Not everyone likes even cautious optimism and certain sections of the drive-by media prefer to produce stories of sectarian atrocities. Well, so what, you might say. The media lives by sensationalism and if that sensationalism involves a story of twenty people being decapitated in a village, so be it.
The trouble arises, as we know, when the story is unsubstantiated and the source is a highly unreliable one. This is how Confederate Yankee describes the beginning:
The Associated Press, Reuters, and a small Iraqi Independent news agency called Voice of Iraq released stories Thursday about the massacre of 20 men near Salman Pak, who were supposedly found decapitated on the banks of the Tigris River.He discussed the story in an earlier posting adding rather acerbically:
But something seemed inherently wrong with the accounts I read from the Associated Press. The only two sources for the Associated Press article were anonymous police, not located in Salman Pak, but from Baghdad (more than dozen miles away) and Kut (more than 75 miles away).
Because of this odd sourcing, I asked Multi-National Corps-Iraq and the PAO liaison to the Iraqi Ministry of the Interior to investigate.
I'm not Associated Press reporter Sinan Salheddin, nor am I Kim Gamel, AP's Baghdad news editor, but if I was investigating a story about a 20-corpse mass murder in—let's say, Manhattan—then I'd try to find a local police officer at the scene to interview about the case.This is not the first time that Associated Press, for one, produced stories, whose source was dubious to put it mildly, that all pointed in one direction – horrific mass murders in Iraq.
I wouldn't rely on a desk sergeant in Staten Island who merely heard reports of other officers being dispatched to check to see if there was such a crime, nor would I rely on a beat cop in Albany who is only reporting rumors of what he heard from friends of relatives in Queens.
But the Associated Press didn't rely on the local police. Instead, they blatantly presented hearsay as the truth, and as a result, ran a story about a brutal massacre that currently appears to have never taken place.
For a while the investigations produced no results and I mean just that. The headless bodies could not be found and neither could any witnesses to the atrocity.
Yesterday the Multi-National Force Iraq (MNFI) published a rebuttal, which included the following:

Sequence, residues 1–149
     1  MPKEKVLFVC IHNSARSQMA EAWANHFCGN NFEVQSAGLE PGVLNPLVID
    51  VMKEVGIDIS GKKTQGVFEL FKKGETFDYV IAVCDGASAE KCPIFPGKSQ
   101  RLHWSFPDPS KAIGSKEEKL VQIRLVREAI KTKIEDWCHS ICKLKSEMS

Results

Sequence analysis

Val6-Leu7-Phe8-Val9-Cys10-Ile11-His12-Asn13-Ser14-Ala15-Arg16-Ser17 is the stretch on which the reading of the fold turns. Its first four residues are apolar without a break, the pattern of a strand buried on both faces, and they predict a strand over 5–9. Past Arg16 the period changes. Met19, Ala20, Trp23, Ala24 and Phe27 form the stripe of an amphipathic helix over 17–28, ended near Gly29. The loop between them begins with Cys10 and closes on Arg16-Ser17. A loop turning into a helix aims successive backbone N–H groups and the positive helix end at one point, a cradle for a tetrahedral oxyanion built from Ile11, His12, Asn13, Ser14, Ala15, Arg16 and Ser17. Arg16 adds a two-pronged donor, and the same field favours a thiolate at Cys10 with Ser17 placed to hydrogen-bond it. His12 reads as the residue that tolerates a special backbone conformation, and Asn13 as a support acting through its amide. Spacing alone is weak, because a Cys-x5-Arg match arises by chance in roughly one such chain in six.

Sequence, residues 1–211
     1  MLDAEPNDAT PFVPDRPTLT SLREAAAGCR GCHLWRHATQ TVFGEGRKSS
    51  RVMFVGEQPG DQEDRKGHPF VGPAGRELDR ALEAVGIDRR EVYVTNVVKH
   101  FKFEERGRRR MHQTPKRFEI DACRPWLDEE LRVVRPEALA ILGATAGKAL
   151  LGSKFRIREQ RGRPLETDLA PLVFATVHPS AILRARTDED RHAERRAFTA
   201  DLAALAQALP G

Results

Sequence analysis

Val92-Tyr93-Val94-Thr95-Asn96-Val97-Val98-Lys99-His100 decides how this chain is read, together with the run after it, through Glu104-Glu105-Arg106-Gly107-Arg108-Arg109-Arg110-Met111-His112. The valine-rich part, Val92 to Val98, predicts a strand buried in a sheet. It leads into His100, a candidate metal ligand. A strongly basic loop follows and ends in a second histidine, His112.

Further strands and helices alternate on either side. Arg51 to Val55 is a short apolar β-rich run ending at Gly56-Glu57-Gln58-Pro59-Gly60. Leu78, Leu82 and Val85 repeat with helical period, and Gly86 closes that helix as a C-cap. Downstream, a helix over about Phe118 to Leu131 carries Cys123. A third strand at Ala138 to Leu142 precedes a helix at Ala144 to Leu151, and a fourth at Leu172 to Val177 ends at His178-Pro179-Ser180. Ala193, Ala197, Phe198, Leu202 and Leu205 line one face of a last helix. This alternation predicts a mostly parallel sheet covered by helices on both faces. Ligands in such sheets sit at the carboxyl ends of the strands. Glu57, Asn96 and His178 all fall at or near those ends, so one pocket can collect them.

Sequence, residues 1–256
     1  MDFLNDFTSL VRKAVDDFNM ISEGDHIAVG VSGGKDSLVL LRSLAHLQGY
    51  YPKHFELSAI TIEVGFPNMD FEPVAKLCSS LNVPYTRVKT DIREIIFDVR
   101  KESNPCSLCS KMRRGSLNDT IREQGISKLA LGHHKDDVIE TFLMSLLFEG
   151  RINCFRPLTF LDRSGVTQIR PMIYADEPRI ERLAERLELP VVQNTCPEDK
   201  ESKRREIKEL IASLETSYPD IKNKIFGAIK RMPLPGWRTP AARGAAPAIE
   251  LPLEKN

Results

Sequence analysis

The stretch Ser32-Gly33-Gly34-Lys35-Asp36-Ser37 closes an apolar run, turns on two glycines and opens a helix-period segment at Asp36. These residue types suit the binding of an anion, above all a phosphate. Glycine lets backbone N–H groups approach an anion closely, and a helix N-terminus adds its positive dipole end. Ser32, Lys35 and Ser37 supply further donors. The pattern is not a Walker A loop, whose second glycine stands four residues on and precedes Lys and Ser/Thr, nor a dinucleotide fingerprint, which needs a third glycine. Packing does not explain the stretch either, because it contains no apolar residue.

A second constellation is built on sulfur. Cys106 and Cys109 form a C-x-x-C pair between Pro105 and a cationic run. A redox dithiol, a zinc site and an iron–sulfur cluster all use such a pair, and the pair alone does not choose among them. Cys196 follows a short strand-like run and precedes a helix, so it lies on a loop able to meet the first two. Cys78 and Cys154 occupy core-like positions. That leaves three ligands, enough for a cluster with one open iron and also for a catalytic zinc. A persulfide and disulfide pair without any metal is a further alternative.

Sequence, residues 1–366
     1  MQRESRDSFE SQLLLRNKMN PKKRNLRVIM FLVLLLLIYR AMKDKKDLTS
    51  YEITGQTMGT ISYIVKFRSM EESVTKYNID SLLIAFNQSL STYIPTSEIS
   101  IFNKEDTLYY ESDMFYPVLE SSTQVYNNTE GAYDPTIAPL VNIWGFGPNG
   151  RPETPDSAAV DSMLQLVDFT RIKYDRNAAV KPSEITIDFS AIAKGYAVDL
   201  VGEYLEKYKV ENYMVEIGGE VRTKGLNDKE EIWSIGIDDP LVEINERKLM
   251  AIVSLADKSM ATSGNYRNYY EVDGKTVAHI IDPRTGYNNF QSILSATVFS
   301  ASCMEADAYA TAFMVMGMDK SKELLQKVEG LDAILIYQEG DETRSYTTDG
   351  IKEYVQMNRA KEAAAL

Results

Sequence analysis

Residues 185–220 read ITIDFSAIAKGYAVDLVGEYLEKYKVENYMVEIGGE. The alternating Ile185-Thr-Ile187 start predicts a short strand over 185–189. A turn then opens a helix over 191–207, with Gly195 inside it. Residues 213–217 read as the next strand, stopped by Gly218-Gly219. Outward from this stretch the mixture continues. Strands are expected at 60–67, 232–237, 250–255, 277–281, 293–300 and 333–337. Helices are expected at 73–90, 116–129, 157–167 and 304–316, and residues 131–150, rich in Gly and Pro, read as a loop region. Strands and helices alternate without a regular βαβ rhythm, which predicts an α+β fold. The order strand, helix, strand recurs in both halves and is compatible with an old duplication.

Anti-Iraqi Forces are known for purposely providing false information to the media to incite violence and revenge killings, and they may well have been the source of this misinformation.Fair enough but have we not been told endlessly that the MSM differs from those pesky bloggers and, of course, from the military authorities in that it tries to substantiate all its stories, checks and double checks and there is no supporting evidence, says so? So we have, so we have.
“Extremists promote falsehoods of mass killings, collateral damage and other violence specifically to turn Iraqis against other Iraqis,” said Rear Admiral Mark Fox, spokesperson for MNF-I. “Unfortunately, lies are much easier to state, the truth often takes time to prove,” said Fox.
Not all media reports can be immediately substantiated by Government of Iraq or Coalition Forces. They must go through a process to verify such claims, to include checking with various Iraqi Ministry’s, local police and security forces. Meanwhile, extremists have achieved their goal of spreading false information aimed at intimidating civilians and destabilizing Iraqi security.
What has happened since? Well, AFP that for reasons unknown managed not to carry the story gloated. Both Reuters (who managed to report that there were more than one thousand peace demonstrators near Kennenbunkport ahead of the Bush – Putin meeting) and AP have now produced a different headline: “Iraq: US military says reports of beheaded bodies were false”.
On Thursday, many Iraqi and international media outlets aired news of the bodies, quoting unnamed Iraqi police. The decapitated bodies had allegedly turned up on the banks of the Tigris River near Salman Pak, 24 kilometers (15 miles) southeast of Baghdad.Reuters added a rather plaintive paragraph, which oddly enough did not appear in the original story that had showed absolute certainty in the truth of the story with no suggestion that it had not been verified.
Iraqi police officers frequently talk to media only on condition of anonymity, because of security concerns.
At the time, the Interior Ministry tried to send troops to the area to confirm the discovery, but the visit was called off because the area was too dangerous.
Verifying reports in Iraq is very hard for journalists, who have been systematically targeted by different militant groups and rely extensively on local sources for information.So the story was given by somebody who was nowhere near the scene of action and refused to give his name or explain who he was. It could not be confirmed because the situation in the area is dangerous but it was published anyway. Terrific.